1. The acquirer should ensure that the undertakings that are discussed in this guidance note, and any other undertaking that is made by the acquirer in relation to the Trust Scheme, are capable of direct enforcement by the unitholders. For example, the acquirer might give those undertakings in a deed poll in favour of the unitholders28.


  1. Chapter 6B, which prescribes civil liability and criminal sanctions for an entity or an individual in relation to a Chapter 6 takeover, does not apply to a Trust Scheme. However, a range of criminal and civil sanctions would apply in respect of the notice of meeting for the scheme (see sections 1041E, 1041H, 1308, 1309). The effect of these provisions is broadly analogous to Chapter 6B, but with no equivalent of the defences available in section 670D.

1 Except where noted, statutory references in this paper are to the Corporations Act 2001 and Regulations.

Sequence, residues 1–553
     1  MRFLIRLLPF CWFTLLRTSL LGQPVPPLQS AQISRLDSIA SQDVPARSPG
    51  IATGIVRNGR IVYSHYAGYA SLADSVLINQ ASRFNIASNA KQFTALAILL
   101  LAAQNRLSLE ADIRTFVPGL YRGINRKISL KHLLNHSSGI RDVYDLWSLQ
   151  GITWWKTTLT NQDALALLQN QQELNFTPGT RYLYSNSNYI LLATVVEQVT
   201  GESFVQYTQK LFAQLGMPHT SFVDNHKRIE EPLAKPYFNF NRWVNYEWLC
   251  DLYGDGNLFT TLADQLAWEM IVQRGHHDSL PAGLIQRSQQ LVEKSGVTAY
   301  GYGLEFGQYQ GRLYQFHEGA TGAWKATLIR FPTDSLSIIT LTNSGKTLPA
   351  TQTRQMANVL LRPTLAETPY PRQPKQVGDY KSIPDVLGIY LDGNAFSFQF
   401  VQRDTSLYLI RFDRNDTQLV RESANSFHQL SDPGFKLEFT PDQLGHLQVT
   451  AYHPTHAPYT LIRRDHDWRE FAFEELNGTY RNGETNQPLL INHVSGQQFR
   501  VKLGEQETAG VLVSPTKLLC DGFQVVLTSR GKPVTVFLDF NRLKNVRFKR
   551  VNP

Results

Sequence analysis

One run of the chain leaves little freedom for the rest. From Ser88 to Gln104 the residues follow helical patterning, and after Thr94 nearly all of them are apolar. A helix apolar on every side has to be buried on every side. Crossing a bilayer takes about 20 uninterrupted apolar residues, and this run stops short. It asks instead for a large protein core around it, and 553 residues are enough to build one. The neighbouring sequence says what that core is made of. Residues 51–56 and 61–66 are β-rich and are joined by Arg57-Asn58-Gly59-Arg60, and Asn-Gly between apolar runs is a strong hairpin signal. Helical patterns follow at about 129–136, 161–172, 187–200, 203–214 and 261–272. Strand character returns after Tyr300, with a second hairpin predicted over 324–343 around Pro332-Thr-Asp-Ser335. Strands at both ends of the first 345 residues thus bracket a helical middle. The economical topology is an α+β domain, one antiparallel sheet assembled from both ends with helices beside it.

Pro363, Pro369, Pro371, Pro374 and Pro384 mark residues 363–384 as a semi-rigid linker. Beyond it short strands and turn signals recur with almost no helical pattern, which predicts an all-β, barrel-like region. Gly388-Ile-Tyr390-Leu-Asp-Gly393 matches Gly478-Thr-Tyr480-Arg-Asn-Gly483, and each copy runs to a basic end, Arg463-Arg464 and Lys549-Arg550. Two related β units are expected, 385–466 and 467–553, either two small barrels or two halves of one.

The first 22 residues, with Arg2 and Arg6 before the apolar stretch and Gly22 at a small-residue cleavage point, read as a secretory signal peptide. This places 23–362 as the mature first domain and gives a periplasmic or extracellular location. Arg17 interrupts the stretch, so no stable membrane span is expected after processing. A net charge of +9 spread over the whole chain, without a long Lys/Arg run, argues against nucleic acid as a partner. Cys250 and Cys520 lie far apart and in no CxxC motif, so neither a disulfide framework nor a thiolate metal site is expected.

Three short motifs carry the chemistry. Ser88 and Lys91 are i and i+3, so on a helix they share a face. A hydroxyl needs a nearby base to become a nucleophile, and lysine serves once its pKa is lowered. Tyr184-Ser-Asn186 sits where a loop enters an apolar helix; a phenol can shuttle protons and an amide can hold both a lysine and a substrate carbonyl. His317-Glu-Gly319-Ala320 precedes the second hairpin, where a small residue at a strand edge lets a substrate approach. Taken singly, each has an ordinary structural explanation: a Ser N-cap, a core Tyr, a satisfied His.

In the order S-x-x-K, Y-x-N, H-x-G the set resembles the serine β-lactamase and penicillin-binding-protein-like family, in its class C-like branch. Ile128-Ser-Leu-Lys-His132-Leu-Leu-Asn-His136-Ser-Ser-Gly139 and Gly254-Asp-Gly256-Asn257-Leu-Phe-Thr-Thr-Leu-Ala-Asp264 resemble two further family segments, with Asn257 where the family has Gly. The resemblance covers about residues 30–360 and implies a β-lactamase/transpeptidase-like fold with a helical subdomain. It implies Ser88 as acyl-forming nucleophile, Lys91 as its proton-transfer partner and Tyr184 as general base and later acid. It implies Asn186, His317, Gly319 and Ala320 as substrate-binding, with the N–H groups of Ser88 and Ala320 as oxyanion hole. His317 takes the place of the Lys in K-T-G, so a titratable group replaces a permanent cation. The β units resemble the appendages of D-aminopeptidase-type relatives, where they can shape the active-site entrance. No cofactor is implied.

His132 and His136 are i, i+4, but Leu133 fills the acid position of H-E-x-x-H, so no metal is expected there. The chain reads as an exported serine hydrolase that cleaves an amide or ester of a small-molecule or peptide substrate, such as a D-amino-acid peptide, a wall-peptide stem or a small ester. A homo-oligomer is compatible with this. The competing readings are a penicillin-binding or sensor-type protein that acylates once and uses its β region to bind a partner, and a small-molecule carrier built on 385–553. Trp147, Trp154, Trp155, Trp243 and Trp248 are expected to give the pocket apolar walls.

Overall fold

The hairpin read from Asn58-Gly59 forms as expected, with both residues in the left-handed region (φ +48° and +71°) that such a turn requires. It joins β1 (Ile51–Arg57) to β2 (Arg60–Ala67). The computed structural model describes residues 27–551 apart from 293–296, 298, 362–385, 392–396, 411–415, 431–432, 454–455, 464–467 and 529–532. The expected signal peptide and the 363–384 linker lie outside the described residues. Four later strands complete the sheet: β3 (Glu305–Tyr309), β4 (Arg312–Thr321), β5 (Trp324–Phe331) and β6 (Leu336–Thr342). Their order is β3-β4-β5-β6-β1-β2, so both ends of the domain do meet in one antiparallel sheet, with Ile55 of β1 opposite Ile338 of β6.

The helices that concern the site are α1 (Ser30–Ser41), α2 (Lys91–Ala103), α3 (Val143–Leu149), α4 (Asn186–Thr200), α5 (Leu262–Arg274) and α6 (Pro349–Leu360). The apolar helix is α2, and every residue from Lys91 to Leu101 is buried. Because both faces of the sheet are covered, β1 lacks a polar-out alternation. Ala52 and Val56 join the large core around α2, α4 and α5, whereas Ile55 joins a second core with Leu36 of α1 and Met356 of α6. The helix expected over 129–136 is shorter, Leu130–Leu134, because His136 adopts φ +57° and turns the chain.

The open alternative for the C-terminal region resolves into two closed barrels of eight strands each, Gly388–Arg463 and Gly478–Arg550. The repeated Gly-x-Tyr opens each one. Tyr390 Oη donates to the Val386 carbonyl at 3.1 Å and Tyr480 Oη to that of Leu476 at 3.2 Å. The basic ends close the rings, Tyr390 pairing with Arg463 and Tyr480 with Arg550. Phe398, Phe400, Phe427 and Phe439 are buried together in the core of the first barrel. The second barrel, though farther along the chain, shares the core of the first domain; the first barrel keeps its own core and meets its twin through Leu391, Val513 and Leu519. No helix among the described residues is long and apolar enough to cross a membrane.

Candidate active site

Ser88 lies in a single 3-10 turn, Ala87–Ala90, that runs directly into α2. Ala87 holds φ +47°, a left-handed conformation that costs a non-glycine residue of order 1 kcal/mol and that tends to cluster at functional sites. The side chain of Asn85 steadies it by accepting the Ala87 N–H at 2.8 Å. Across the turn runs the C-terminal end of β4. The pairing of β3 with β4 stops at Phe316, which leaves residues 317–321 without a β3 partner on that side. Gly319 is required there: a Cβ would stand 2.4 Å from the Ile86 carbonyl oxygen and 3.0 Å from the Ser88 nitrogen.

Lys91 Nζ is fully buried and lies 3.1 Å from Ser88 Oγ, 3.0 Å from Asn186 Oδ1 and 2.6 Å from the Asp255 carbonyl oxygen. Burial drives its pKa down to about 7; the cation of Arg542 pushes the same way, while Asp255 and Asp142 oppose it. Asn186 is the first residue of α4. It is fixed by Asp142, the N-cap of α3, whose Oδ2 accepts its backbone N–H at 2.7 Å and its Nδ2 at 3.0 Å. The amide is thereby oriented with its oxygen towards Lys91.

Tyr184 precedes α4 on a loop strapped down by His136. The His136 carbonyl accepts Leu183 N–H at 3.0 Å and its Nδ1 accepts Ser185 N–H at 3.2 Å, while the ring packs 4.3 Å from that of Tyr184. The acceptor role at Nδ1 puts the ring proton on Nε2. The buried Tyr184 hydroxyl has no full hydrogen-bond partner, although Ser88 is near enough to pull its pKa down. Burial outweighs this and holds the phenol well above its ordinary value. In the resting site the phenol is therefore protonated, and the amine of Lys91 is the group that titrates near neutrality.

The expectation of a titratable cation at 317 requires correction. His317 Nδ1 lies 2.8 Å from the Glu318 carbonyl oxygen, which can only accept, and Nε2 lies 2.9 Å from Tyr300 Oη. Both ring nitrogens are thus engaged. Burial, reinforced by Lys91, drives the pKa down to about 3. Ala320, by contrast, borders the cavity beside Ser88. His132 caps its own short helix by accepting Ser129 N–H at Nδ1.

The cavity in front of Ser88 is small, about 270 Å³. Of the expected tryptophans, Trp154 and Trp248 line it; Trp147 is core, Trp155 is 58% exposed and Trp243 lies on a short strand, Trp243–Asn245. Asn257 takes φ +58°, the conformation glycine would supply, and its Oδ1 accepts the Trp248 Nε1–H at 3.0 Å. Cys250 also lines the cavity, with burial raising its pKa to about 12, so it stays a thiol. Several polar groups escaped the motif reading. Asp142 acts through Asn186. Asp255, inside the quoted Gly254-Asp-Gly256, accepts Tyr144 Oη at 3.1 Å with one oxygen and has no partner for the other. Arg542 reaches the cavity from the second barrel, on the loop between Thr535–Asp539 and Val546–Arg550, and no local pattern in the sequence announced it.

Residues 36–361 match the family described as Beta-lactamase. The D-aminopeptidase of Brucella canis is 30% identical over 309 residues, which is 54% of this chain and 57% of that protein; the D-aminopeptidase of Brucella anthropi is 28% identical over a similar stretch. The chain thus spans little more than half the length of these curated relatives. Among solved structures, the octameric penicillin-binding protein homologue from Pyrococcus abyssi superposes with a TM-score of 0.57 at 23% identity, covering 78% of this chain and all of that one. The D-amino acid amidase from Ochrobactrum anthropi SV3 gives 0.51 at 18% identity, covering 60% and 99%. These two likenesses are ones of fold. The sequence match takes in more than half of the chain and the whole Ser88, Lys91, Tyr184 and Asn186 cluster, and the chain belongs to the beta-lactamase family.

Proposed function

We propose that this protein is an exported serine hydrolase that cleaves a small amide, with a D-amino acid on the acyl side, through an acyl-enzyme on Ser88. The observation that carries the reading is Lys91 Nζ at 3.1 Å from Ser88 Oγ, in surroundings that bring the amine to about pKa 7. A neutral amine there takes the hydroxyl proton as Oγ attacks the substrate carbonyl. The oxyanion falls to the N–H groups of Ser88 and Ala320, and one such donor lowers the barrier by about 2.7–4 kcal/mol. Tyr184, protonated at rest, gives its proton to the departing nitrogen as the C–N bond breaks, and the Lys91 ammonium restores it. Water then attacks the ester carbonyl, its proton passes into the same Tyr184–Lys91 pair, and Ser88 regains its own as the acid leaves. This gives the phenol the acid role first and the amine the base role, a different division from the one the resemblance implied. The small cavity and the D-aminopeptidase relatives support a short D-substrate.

2 Other than in respect of stapled securities and for downstream acquisitions of shares owned by MIS.

3 Cachia v Westpac Financial Services Ltd (2000) FCA 161, 33 ACSR 572.

4 Actually, the units would be transferred to the responsible entity or the custodian of the acquiring trust, to be held on trust under the trust deed: see sections 601FC(2) and 601FB(2).

5 However, many MIS are "non-liquid schemes" (see section 601KA(4)) and are governed by Part 5C.6 of the Act. In those cases, a compulsory redemption as part of a Redemption Scheme will generally not be in accord with Part 5C.6 and would require ASIC relief under section 601QA from paragraph 601KA(3)(b).

6 Catto v Ampol (1989) 7 ACLC 717, per Kirby P at 720